Friday, October 17, 2014

album review: 'syro' by aphex twin

I've written in the past that it's hard to discuss legends. Especially legends that have come to shape so much of modern music to the point where some critics describe revisiting their old classics as 'vintage'. And for me personally, it's even harder when the genre is electronica, an musical genre that I'm only beginning to peel into in any significant way outside of specific offshoots like trance. To go back to the source is more than a little intimidating, especially if you have the uneasy feeling that a mob with pitchforks and torches will set you on fire if you don't throw out critical acclaim.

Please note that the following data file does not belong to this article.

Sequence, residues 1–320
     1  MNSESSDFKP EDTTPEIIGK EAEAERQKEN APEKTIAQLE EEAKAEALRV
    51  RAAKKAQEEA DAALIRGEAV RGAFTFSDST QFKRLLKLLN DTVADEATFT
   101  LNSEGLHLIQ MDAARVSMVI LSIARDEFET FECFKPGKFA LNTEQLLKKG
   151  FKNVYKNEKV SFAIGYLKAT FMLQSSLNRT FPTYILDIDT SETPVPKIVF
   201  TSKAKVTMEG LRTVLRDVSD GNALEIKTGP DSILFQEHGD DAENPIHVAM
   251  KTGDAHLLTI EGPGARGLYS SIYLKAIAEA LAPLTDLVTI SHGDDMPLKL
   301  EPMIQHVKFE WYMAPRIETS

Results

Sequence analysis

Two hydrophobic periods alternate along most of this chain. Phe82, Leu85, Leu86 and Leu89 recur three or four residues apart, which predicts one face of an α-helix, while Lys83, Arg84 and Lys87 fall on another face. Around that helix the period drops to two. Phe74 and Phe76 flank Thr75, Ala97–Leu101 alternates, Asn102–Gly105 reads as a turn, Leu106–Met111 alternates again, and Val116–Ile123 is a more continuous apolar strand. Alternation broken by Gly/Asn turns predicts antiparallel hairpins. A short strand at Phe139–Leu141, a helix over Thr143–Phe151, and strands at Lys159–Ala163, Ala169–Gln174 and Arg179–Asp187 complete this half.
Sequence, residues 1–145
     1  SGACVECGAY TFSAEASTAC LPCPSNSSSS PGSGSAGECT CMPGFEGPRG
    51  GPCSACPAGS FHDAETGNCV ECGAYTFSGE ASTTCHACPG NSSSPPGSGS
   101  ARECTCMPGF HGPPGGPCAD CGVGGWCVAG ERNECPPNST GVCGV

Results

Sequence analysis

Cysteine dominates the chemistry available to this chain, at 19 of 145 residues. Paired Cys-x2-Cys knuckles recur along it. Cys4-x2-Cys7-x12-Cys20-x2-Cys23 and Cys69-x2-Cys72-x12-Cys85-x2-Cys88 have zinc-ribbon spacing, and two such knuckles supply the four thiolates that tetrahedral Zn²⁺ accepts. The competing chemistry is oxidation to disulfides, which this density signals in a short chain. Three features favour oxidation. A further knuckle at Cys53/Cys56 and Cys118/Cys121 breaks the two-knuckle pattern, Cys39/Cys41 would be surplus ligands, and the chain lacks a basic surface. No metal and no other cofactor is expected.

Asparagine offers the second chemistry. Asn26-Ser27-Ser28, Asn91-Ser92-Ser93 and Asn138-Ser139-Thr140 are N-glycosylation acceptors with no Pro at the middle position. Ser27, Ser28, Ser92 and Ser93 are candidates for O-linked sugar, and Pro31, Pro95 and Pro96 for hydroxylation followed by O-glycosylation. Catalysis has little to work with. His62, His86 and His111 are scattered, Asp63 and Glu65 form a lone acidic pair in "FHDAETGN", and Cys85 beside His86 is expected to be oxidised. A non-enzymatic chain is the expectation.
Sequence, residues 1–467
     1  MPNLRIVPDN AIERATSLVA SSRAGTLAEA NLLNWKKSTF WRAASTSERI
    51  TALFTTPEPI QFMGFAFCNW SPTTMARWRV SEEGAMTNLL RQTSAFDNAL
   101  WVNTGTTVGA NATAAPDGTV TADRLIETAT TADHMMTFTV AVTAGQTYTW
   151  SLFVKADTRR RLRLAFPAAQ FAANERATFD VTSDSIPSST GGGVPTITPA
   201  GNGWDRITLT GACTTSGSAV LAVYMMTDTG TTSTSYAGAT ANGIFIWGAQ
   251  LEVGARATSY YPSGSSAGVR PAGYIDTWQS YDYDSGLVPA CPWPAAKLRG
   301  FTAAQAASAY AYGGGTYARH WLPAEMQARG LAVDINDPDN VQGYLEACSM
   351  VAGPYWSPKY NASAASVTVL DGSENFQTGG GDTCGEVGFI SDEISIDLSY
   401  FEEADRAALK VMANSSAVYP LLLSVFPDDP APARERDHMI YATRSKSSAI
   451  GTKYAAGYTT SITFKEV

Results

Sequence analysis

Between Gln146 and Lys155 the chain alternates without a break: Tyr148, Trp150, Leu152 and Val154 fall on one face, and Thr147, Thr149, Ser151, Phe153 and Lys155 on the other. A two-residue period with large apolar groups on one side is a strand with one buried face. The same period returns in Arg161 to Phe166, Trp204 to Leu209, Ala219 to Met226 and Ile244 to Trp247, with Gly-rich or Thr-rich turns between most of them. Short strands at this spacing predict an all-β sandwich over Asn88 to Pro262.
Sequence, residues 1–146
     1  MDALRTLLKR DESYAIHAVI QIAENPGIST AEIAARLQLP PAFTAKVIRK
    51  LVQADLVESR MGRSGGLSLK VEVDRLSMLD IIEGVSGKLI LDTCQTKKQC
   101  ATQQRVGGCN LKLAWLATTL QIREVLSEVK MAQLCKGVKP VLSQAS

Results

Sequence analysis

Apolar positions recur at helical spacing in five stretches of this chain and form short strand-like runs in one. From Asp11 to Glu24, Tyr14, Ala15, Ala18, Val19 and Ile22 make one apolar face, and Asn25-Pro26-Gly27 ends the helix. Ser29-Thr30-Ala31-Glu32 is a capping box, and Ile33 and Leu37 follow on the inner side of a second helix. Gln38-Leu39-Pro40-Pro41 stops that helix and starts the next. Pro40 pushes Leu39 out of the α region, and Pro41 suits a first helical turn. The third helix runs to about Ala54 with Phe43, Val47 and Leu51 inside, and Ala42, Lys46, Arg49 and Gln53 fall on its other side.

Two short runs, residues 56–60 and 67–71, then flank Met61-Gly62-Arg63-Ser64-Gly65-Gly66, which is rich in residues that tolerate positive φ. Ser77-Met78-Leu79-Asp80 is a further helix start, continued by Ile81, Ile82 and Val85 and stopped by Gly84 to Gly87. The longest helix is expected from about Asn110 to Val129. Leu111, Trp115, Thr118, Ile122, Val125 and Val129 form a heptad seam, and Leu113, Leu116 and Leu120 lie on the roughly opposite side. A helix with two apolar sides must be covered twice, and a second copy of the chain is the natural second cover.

So on that oh-so-comforting note... Aphex Twin. The stage name of the man with three first names Richard David James who used the Aphex Twin name among several others, his first release was a compilation of ambient mixes he had recorded from '85 to '92 - and surprise surprise, it's excellent. Even though on that album you can hear the sounds that would come to dominate so much of modern music, Aphex Twin had the twin advantages of good melody and even better texture, taking sounds that might be considered 'vintage' now and still crafting memorable and potent songs. And yet with Selected Ambient Works Volume II, some of that texture evaporated into a set of sparse, underweight and underwritten melodies that lacked presence even for ambient music and went on a good ninety minutes longer than they should have, even though it did get a fair bit better in its second half. Fortunately, that texture came back for 1995's ...I Care Because You Do and especially for the spiky yet beautifully melodic 1996 Richard D. James Album, a record that even today has a decidedly unique sound with the blend of strings, slightly off-kilter synth tones, and drill-like percussion, and has held up incredibly well.